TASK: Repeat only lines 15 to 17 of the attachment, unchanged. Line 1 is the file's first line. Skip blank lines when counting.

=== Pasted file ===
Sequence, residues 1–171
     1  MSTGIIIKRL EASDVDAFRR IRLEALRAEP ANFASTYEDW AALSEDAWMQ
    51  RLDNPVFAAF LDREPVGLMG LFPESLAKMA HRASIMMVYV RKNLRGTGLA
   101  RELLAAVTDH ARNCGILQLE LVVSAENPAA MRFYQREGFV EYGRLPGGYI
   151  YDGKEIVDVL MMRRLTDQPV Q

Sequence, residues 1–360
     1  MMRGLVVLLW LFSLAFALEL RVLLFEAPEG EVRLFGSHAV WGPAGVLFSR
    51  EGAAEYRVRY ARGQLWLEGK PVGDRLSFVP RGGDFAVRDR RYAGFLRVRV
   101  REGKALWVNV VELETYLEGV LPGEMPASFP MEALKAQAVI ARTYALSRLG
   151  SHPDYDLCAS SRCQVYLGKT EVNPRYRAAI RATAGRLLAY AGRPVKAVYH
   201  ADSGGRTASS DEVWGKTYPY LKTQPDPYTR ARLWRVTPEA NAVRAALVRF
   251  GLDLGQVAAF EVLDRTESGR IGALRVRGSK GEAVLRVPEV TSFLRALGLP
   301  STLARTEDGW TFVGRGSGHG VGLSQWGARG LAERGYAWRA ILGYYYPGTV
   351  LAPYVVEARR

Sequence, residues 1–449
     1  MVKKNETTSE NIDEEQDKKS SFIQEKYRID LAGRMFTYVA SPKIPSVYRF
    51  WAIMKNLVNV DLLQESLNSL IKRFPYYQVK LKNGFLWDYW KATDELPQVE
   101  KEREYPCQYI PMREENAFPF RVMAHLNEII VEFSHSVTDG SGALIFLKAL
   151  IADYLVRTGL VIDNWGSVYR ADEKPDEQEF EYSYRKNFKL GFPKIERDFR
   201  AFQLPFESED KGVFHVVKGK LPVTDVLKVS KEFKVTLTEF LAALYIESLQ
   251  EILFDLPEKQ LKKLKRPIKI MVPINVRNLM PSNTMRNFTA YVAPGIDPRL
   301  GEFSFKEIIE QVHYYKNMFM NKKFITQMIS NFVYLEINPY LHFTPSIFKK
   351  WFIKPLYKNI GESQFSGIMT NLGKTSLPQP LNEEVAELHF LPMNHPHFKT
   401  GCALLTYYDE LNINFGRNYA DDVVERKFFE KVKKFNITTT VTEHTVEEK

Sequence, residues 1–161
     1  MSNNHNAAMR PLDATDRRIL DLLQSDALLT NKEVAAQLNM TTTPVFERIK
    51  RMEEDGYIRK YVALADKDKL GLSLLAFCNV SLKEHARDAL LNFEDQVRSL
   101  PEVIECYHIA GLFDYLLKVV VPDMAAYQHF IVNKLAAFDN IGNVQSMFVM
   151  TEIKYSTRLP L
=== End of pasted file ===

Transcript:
Sequence, residues 1–449
     1  MVKKNETTSE NIDEEQDKKS SFIQEKYRID LAGRMFTYVA SPKIPSVYRF
    51  WAIMKNLVNV DLLQESLNSL IKRFPYYQVK LKNGFLWDYW KATDELPQVE